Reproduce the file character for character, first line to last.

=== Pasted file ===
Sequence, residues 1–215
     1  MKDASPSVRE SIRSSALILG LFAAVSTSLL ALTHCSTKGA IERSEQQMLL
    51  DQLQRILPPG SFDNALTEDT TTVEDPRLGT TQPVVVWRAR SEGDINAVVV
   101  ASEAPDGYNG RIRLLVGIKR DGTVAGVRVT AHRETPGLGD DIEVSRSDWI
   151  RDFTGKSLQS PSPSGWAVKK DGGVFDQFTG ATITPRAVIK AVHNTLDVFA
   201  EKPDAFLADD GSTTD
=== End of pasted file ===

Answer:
Sequence, residues 1–215
     1  MKDASPSVRE SIRSSALILG LFAAVSTSLL ALTHCSTKGA IERSEQQMLL
    51  DQLQRILPPG SFDNALTEDT TTVEDPRLGT TQPVVVWRAR SEGDINAVVV
   101  ASEAPDGYNG RIRLLVGIKR DGTVAGVRVT AHRETPGLGD DIEVSRSDWI
   151  RDFTGKSLQS PSPSGWAVKK DGGVFDQFTG ATITPRAVIK AVHNTLDVFA
   201  EKPDAFLADD GSTTD